Willpower may help you hang tough on the treadmill, or power through an unpleasant task until quitting time. But just how useful is it in achieving your long-term goals? According to new research, willpower won’t help if you want to lose weight, quit smoking, get out of debt, or make any other significant, long-term change.
A new study in the journal Neuron examined how often people were able to pass up a small, immediate reward for the promise of a major payoff down the road. The result: It turned out that NONE of the volunteers could hold out for the big reward 100-percent of the time. And the more impulsive their personality was, the harder it was for them to delay gratification.
So what’s the key to reaching long-term goals? The study’s lead author, Dr. Molly Crockett, says you need to avoid temptation altogether. She calls it pre-committing. For example, instead of picking up ice cream and relying on your willpower to keep you from scarfing down the whole gallon, just don’t buy it. Bottom line: If it’s not in the house, you won’t need to rely on willpower to resist it. And if designer shoes or expensive gadgets are your Achilles’ heel, cut up your credit cards, or freeze them in a plastic bag of water so you have to literally thaw them out to use them.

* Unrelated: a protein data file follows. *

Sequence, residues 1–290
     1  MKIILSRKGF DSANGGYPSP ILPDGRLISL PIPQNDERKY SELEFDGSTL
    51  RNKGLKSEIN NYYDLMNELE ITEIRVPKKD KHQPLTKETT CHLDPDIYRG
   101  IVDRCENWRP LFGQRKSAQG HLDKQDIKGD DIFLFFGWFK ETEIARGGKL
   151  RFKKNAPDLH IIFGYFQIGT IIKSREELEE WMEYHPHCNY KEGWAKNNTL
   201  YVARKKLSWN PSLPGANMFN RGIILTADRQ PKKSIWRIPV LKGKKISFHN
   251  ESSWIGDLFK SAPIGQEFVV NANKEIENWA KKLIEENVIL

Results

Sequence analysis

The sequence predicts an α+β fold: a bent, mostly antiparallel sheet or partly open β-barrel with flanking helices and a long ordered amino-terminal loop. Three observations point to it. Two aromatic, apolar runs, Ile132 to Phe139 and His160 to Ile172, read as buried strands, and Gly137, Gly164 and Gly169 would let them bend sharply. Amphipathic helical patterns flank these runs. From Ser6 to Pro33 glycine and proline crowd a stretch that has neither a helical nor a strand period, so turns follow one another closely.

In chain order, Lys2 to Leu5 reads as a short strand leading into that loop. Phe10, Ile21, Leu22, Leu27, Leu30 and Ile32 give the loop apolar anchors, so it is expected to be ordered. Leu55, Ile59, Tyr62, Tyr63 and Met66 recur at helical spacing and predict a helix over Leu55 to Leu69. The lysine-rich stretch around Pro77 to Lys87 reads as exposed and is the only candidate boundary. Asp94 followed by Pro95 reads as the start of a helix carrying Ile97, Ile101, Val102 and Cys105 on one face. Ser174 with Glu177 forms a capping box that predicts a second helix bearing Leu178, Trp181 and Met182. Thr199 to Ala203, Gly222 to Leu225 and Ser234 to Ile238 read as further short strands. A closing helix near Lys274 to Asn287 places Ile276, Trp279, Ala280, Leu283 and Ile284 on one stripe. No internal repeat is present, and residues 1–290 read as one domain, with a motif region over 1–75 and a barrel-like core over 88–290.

Dr. Crockett says that pre-committing may be tough at first because we don’t like restricting our choices. But it can be done. In fact, she’s such a believer in pre-commitment that she uses a special computer program that blocks her from browsing the Internet during work hours. And when she first activated the software, her productivity jumped substantially.